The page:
Of the five trials that evaluated people with peripheral arterial disease, four of them, involving a total of 250 participants, did not show any benefit from chelation therapy. Chelation therapy was evaluated by measuring blood pressure at the ankle compared to the arm, computer assisted x-rays, the distance a person could walk, cholesterol levels, and how the person felt. One very small study (10 participants) found some improvement with chelation therapy.

How it was tested

The researchers thoroughly searched the medical literature but could not find any controlled trials of chelation therapy involving people with blocked or clogged arteries that supply the heart or brain.

They did find five trials that evaluated the use of chelation therapy on people with restricted blood flow to the legs (peripheral arterial disease) who experienced cramping, pain, fatigue on and off while walking or exercising (intermittent claudication).

The trials were small, ranging from 30 to 153 people. Participants were randomly assigned to receive 20 infusions of chelation therapy or non-active (placebo) infusions over 5 to 10 weeks. The follow-ups and number of infusions varied but in general, there were 10 to 20 infusions and follow ups ranged from 3 to 12 months after treatment.

Side effects and general limitations

One trial reported some possible side effects from chelation therapy including pain and inflammation at the site of the infusion, faintness, gastrointestinal symptoms, protein in urine, and low blood calcium.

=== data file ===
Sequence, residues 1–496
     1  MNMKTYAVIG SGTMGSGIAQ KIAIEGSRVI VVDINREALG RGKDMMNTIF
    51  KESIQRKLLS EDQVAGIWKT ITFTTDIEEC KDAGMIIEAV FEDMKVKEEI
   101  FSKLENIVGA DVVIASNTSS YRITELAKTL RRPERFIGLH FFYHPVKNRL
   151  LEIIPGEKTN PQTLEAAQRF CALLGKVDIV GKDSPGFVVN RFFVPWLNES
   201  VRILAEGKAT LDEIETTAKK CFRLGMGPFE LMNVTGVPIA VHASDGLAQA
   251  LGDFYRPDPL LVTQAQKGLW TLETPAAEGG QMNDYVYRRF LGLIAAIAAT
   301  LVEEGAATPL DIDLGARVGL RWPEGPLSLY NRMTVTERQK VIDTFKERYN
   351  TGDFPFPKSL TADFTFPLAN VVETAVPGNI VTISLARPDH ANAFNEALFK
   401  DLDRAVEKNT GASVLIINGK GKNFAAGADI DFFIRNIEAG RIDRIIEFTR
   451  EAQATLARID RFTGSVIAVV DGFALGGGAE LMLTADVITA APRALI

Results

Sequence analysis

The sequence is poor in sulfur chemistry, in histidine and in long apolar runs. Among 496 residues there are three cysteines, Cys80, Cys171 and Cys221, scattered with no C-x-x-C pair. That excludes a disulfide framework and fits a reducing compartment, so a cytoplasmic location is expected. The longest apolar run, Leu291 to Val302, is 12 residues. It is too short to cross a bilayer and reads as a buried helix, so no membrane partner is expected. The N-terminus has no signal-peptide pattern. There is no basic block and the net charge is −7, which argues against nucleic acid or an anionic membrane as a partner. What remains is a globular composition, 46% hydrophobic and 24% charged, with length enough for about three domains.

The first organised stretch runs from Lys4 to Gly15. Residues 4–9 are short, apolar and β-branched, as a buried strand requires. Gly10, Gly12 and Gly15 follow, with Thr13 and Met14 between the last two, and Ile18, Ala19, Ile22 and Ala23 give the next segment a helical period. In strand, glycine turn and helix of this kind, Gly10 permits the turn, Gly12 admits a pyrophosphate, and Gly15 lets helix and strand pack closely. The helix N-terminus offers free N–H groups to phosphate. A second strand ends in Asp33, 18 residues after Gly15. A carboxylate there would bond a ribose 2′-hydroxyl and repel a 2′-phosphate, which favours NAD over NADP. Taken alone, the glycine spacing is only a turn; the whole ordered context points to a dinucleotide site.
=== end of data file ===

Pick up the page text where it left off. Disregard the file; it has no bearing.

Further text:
Villarruz MV, Dans A, Tan F. Chelation therapy for atherosclerotic cardiovascular disease. The Cochrane Database of Systematic Reviews 2002, Issue 4. Art. No.: CD002785. DOI: 10.1002/14651858.CD002785


Coronary heart disease (CHD) is the major cause of death in western societies. Major risk factors include being overweight, a family history of the disease, high blood pressure, raised blood levels of low density lipoproteins (LDL) cholesterol, triglycerides or total cholesterol, abnormal blood clotting factors and diabetes.

Wholegrain contains the entire edible parts of a natural grain kernel, including the bran and germ, and is rich in dietary fibre, anti-oxidants, resistant starch, phyto-oestrogens and other important micronutrients such as vitamins and folic acid. Wholemeal foods are made from milled wholegrains. Food made with white flour does not contain a high level of fibre and micronutrients because most of the bran is removed in the refining process. Eating wholegrains may be beneficial to health.